photo: courtesy of the chicago cubs

A rendering of the proposed renovation for Wrigley Field.

Last time Whet checked in on the Wrigley Field rehab plans, the Ricketts Clan, Mayor Emanuel, and Ald. Tom Tunney had reached a preliminary deal, worth roughly $500 million, to spruce up the Cubs’ century-old baseball stadium.

Yesterday, Cubs management released to the media renderings of the proposed changes. They’ll submit detailed plans to the city today with the hope that the project will be approved by the end of the season, allowing for work to begin on the multi-year renovation this fall.

If it doesn’t go through? This morning, Chairman Tom Ricketts told reporters that he might just have to up and move the club elsewhere.

The idea, at least in theory, is to add modern amenities (and new space for advertising) without losing the park’s “sense of history.” CSN Chicago has posted pictures of the mock-ups here.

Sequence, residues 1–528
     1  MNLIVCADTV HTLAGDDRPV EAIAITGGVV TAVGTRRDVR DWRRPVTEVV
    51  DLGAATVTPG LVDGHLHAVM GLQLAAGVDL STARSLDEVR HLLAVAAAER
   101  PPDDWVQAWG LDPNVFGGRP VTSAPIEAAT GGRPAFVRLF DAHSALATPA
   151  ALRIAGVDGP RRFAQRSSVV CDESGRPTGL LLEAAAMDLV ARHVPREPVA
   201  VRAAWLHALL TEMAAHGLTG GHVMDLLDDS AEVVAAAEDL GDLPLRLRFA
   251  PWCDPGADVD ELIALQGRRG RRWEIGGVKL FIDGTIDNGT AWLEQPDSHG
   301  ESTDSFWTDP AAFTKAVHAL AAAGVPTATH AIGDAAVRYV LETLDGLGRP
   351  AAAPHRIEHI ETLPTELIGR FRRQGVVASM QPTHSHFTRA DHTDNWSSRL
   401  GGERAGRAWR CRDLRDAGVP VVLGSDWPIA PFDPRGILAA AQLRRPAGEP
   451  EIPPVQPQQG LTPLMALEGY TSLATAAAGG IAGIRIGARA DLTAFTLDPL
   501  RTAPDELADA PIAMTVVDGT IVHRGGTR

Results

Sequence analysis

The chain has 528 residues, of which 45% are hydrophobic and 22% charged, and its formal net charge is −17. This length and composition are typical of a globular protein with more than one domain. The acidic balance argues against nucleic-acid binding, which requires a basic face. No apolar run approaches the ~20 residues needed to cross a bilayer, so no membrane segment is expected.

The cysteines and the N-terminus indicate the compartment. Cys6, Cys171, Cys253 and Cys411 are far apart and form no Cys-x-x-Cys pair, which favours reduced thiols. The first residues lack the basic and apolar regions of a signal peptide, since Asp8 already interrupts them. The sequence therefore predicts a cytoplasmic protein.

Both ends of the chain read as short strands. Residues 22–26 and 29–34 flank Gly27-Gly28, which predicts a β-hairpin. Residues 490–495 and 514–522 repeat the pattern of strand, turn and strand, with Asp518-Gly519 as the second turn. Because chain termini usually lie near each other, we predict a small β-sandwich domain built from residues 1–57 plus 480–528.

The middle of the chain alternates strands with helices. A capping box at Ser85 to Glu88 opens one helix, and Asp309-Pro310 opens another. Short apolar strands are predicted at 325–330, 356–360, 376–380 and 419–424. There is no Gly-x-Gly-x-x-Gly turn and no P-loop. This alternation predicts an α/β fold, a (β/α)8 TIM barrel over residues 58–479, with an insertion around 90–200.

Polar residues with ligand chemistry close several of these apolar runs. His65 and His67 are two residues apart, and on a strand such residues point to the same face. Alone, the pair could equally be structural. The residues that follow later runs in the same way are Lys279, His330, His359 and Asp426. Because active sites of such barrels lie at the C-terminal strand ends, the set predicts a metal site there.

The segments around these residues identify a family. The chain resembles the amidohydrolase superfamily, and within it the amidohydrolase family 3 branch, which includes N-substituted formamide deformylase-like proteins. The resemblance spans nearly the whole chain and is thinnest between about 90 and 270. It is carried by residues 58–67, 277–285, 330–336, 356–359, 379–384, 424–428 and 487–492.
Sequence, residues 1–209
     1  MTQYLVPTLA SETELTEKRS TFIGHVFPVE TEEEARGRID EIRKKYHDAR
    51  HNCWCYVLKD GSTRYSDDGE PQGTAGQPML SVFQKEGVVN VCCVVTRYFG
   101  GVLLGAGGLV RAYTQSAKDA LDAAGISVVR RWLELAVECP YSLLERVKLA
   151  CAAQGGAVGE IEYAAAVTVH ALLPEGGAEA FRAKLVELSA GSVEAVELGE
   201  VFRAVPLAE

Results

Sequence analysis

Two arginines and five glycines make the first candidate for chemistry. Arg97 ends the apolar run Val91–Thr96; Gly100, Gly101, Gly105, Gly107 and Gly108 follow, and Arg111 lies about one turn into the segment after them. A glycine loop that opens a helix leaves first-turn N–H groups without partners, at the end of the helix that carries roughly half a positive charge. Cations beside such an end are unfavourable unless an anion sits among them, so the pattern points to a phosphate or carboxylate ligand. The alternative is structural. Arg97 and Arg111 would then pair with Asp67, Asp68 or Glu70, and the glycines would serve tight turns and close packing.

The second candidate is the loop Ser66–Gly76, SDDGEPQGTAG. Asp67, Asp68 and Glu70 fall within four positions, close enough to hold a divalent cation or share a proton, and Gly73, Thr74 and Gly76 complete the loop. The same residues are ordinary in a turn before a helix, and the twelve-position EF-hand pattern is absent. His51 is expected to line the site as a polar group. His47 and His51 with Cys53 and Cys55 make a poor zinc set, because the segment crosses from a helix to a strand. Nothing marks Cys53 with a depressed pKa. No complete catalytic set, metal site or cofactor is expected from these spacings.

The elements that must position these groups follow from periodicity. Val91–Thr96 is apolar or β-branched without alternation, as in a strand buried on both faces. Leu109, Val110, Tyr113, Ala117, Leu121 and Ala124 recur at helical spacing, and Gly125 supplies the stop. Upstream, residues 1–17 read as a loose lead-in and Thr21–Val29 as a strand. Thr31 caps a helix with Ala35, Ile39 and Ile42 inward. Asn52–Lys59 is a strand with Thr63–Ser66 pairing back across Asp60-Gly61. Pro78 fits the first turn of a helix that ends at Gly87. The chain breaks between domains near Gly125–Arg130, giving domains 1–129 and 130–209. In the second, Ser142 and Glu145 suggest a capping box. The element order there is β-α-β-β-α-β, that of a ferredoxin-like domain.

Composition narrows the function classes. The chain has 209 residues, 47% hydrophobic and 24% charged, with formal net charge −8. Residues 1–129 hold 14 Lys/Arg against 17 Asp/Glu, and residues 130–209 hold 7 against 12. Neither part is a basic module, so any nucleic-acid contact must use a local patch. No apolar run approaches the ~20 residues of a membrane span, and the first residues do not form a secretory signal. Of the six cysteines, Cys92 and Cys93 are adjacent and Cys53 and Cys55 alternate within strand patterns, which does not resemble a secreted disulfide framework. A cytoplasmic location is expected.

In left field, there’d be a controversial 6,000-foot video screen—three times larger than Wrigley’s manual scoreboard—topped by lights to help illuminate the dim power allies. In right field, the Cubs would add a 1,000-square-foot see-through sign. Four additional signs would ring the outfield wall.

Bathrooms would be expanded and player areas (like the strength and conditioning room) improved. And the stadium concourses would be retrofitted with green terra-cotta canopies and wrought-iron fencing, using material that adorned Wrigley's exterior in the 1930s.

Outside, a seven-story hotel would include some 35,000 square feet of advertising, and an open-air plaza would feature seven ad-bearing vertical stylons. Without the ad revenue or a public subsidy, MLB’s most profitable (albeit indebted) team claims, they wouldn’t be able to afford a facilities upgrade. The neighboring rooftop owners, who could hold a deal up in court, hint there is a lot of negotiating left to do.